You might be forgiven if you thought at first that you are looking upon a scene from the middle of a snowy winter. But it is actually the spectacular white sands of the national monument in southern New Mexico in the American Desert Southwest.
It's especially dreamy at the end of day as the sun is going down.
On most days the park is emptying out at this hour. But for one gorgeous night a month in the summer the national monument remains open, free of charge, for the thousands of nature lovers streaming in to experience the beautiful dunes lit by a dazzling full moon.
I have visited the park many times, in different seasons and hours of the day. But this was the first to this special moonlight event. People from near and far pour in for the hour before dark to watch the sun decline in the western sky and the coming up of a brilliant moon on the opposite horizon. It's tempting to hold back and perform one's own solitary homage at the changing of the light, but there is the live music, congeniality, and the sledding down the steep hills farther in that lures you deeper into the park.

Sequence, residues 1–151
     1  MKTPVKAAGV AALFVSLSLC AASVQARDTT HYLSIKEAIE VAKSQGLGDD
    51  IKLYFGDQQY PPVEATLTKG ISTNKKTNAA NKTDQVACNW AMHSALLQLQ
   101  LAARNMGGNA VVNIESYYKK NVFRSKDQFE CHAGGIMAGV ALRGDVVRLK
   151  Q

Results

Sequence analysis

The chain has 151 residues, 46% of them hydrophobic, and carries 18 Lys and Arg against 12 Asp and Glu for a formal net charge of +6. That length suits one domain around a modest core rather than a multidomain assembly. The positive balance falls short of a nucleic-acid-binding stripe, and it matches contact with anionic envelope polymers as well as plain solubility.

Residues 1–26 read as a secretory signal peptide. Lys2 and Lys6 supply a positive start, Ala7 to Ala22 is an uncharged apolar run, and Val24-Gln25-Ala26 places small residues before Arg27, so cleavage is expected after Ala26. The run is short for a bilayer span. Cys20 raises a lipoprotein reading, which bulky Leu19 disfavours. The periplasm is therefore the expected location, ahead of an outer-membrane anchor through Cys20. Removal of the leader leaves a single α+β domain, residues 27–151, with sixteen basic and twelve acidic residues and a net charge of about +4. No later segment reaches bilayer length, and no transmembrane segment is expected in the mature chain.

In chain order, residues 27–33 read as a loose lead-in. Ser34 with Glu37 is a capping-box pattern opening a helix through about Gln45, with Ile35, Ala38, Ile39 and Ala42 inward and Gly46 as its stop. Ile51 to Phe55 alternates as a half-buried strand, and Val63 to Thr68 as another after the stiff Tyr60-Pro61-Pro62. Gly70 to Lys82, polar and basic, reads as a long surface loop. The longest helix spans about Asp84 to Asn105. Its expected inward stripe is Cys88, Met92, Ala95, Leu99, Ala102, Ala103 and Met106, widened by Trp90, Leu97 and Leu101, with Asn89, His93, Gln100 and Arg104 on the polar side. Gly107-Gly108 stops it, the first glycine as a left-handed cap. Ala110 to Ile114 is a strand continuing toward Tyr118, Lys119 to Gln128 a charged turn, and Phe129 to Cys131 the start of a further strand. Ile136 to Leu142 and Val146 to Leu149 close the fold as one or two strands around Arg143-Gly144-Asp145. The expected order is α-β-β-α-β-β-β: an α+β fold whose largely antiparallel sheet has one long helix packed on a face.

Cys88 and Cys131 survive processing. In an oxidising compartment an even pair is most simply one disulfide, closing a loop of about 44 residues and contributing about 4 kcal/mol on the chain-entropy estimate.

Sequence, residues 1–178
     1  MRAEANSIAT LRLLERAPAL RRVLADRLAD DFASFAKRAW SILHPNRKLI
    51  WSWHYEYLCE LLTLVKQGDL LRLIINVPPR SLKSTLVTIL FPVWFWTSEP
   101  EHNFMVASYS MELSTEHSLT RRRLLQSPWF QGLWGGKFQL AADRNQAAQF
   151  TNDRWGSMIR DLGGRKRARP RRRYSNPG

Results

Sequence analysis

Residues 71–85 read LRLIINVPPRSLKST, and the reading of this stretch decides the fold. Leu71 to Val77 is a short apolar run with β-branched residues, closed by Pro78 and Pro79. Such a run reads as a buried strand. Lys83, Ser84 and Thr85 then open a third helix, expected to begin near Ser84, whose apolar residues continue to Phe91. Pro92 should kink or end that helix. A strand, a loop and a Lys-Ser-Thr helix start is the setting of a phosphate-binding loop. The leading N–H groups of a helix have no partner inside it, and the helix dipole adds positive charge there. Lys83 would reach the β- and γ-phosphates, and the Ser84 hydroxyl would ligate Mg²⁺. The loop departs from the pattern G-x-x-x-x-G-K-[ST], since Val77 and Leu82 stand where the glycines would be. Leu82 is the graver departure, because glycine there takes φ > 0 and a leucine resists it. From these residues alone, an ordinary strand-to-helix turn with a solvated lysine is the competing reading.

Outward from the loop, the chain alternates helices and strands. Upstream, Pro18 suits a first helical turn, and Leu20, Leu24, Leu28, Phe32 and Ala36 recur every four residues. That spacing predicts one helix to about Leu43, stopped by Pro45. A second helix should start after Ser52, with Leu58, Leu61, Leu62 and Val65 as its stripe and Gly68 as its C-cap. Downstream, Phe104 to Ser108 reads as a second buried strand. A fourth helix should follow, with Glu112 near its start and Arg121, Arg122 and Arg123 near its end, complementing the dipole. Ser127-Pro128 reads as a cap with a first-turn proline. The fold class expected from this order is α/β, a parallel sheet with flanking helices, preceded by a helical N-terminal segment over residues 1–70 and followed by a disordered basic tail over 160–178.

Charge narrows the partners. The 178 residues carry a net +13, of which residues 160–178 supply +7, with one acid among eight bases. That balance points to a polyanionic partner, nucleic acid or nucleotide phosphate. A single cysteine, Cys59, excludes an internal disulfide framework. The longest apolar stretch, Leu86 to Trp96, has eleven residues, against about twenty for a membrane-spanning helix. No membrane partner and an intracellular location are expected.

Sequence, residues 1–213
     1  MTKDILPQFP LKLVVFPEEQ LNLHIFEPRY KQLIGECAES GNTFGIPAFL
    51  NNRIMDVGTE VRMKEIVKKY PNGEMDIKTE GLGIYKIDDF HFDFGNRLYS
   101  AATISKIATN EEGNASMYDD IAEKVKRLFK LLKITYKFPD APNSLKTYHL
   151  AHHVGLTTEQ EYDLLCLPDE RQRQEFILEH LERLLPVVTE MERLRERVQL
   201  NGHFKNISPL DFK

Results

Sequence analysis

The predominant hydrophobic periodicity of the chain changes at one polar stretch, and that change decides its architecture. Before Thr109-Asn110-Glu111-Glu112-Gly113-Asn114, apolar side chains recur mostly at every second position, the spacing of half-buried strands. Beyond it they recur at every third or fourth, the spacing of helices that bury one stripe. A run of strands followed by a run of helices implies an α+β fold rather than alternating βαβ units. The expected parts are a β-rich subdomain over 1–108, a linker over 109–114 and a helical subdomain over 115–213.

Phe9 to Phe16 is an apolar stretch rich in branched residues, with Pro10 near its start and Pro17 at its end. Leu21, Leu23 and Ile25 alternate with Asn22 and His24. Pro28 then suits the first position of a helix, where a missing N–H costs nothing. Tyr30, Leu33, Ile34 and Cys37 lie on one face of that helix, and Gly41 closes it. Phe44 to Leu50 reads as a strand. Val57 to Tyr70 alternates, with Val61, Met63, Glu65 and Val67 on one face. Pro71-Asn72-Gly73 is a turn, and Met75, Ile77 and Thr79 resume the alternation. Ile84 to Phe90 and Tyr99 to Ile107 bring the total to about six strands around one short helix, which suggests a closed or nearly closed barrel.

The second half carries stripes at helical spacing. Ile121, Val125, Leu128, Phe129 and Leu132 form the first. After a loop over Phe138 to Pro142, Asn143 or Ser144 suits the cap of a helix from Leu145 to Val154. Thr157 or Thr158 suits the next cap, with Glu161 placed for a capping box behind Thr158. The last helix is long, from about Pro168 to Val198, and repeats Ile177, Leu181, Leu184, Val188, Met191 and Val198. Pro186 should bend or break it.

There is nothing else quite like it. The caravans stream in as the sky begins to darken. Later still, comes a surprising quiet and orderly departure of communal strings of moving lights winding for miles out of the vast coolness as the last of the the revelers leave the dunes, the stars, and something of themselves behind in the luminous desert sands. . . .
Have you visited White Sands?
Maybe you will sometime, and leave enchanted.
Happy Summer Days!